18. Henkle, H. H. (1938), The periodical literature of biochemistry. Bull Med Libr Assoc., 27(2): 139–147.Google Scholar
  19. Huth, E. J. (2001), Authors, editors, policy makers, and the impact factor. Croatian Medical Journal, 42(1): 14–17.Google Scholar
  20. Lindsey, D. (1989), Using citation counts as a measure of quality in science: measuring what’s measurable rather than what’s valid. Scientometrics, 15(3–4): 189–203.CrossRefGoogle Scholar
  21. Martyn, J., Gilchrist, A. (1968), An Evaluation of British Scientific Journals (1 ed.): Aslib.Google Scholar
  22. McNeely, J. K., Crosno, C. D. (1930), Periodicals for electrical engineers. Science, 72(1856): 81–84.CrossRefGoogle Scholar
  23. Moed, H. F., Van Leeuwen, T. N. (1995), Improving the accuracy of Institute for Scientific Informations journal impact factors. Journal of the American Society for Information Science, 46(6): 461–467.CrossRefGoogle Scholar
  24. Opthof, T. (1997), Sense and nonsense about the impact factor. Cardiovascular Research, 33(1): 1–7.CrossRefGoogle Scholar
  25. Pudovkin, A. I., Garfield, E. (2004), Rank-normalized impact factor: A way to compare journal performance across subject categories. Proceedings of the 67th ASIS&T Annual Meeting, 41: 507–515.Google Scholar
  26. Raisig, L. M. (1960), Mathematical evaluation of the scientific serial. Science, 131(3411): 1417–1419.CrossRefGoogle Scholar
  27. Ramirez, A. M., Garcia, E. O., Del Rio, J. A. (2000), Renormalized impact factor. Scientometrics, 47(1): 3–9.CrossRefGoogle Scholar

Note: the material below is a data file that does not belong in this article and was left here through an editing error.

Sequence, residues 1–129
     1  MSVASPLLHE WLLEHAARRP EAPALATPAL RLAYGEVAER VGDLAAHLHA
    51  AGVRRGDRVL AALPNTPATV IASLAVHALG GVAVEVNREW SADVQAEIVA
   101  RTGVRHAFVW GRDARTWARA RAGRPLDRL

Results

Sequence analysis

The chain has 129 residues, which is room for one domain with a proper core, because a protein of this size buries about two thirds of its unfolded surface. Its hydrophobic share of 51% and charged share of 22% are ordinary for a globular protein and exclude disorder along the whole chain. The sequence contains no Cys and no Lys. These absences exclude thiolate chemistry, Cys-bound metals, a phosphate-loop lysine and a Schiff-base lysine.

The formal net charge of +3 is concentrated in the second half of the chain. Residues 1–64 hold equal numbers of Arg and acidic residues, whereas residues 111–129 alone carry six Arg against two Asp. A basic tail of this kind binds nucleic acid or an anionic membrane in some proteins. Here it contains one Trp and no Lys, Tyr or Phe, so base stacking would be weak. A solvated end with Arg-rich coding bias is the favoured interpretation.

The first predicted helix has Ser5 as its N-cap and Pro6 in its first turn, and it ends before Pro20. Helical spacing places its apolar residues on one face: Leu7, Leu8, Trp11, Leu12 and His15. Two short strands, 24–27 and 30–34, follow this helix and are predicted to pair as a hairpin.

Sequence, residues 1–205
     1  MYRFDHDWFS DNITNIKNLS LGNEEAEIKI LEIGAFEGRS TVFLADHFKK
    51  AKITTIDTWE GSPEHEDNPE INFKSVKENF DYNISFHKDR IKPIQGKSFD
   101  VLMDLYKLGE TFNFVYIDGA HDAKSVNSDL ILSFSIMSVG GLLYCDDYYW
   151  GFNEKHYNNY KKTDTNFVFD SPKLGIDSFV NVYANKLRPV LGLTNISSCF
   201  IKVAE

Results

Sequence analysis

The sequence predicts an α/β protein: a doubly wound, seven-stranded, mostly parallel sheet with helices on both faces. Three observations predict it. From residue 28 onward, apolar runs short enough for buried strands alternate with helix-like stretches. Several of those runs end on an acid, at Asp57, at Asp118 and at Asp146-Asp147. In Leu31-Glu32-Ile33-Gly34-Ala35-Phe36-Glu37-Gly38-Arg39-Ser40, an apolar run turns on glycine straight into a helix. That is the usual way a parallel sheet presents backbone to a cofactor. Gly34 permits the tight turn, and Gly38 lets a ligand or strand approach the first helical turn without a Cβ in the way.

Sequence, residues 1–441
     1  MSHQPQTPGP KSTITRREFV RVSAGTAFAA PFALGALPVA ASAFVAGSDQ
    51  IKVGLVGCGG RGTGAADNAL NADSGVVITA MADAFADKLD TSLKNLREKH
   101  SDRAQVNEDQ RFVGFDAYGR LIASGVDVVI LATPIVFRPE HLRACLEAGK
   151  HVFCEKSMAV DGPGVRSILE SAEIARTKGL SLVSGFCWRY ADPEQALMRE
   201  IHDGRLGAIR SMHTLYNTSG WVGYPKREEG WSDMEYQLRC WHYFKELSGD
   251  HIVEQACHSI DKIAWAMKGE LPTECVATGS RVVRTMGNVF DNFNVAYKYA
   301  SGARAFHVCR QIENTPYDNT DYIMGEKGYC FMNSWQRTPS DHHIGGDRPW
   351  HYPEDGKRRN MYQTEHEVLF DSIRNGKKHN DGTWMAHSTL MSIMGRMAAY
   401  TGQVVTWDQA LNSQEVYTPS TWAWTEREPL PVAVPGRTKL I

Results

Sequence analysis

28. Schubert, A., Braun, T. (1996), Cross-field normalization of scientometric indicators. Scientometrics, 36(3): 311–324.CrossRefGoogle Scholar
  29. Schwartz, S., Hellin, J. L. (1996), Measuring the impact of scientific publications. The case of the biomedical sciences. Scientometrics, 35(1): 119–132CrossRefGoogle Scholar
  30. Sen, B. K., Shailendra, K. (1992), Evaluation of recent scientific research output by a bibliometric method. Scientometrics, 23(1): 31–46.CrossRefGoogle Scholar
  31. Seglen, P. O. (1992), The skewness of science. Journal of the American Society for Information Science, 43(9): 628–638.CrossRefGoogle Scholar
  32. Seglen, P. O. (1997), Why the impact factor of journals should not be used for evaluating research. British Medical Journal, 314: 497.Google Scholar
  33. Smith, R. (1997), Journal accused of manipulating impact factor. British Medical Journal, 314(7079): 463.Google Scholar
  34. Sombatsompop, N., Markpin, T., Yochai, W., Saechiew, M. (2005), An evaluation of research performance for different subject categories using Impact Factor Point Average (IFPA) index: Thailand case study. Scientometrics, 65(3): 293–305.CrossRefGoogle Scholar
  35. Van Leeuwen, T. N., Moed, H. F. (2001), Development and application of new journal impact measures. Cortex, 37(4): 607–610.CrossRefGoogle Scholar
  36. Westbrook, J. H. (1960), Identifying Significant Research. Science, 132(3435): 1229–1234.CrossRefGoogle Scholar
  37. Zipf, G. K. (1949), Human Behavior and the Principle of Least Effort. Cambridge, Ma.: Addison-Wesley.Google Scholar

Copyright information

© Springer Science+Business Media B.V. 2009

Authors and Affiliations

  1. 1.Science-Metrix, MontréalMontréal, QuébecCanada
  2. 2.Observatoire des sciences et des technologies (OST), Centre interuniversitaire de recherche sur la science et la technologie (CIRST)Université du Québec à MontréalMontréal, QuébecCanada
  3. 3.School of Information StudiesMcGill UniversityMontréal, QuébecCanada

Personalised recommendations